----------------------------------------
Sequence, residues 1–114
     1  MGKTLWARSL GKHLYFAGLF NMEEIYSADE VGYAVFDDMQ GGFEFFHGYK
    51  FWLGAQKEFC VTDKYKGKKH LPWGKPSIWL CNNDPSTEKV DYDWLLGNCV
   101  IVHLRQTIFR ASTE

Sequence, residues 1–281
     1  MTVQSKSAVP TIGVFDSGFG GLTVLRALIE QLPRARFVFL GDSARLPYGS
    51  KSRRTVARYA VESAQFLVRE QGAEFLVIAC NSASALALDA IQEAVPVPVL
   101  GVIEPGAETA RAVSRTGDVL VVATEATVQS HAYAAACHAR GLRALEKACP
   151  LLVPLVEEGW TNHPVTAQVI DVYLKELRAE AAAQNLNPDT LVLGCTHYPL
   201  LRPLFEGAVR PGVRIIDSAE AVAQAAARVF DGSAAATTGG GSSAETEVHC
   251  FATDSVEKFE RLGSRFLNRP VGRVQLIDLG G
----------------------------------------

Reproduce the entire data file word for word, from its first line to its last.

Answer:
Sequence, residues 1–114
     1  MGKTLWARSL GKHLYFAGLF NMEEIYSADE VGYAVFDDMQ GGFEFFHGYK
    51  FWLGAQKEFC VTDKYKGKKH LPWGKPSIWL CNNDPSTEKV DYDWLLGNCV
   101  IVHLRQTIFR ASTE

Sequence, residues 1–281
     1  MTVQSKSAVP TIGVFDSGFG GLTVLRALIE QLPRARFVFL GDSARLPYGS
    51  KSRRTVARYA VESAQFLVRE QGAEFLVIAC NSASALALDA IQEAVPVPVL
   101  GVIEPGAETA RAVSRTGDVL VVATEATVQS HAYAAACHAR GLRALEKACP
   151  LLVPLVEEGW TNHPVTAQVI DVYLKELRAE AAAQNLNPDT LVLGCTHYPL
   201  LRPLFEGAVR PGVRIIDSAE AVAQAAARVF DGSAAATTGG GSSAETEVHC
   251  FATDSVEKFE RLGSRFLNRP VGRVQLIDLG G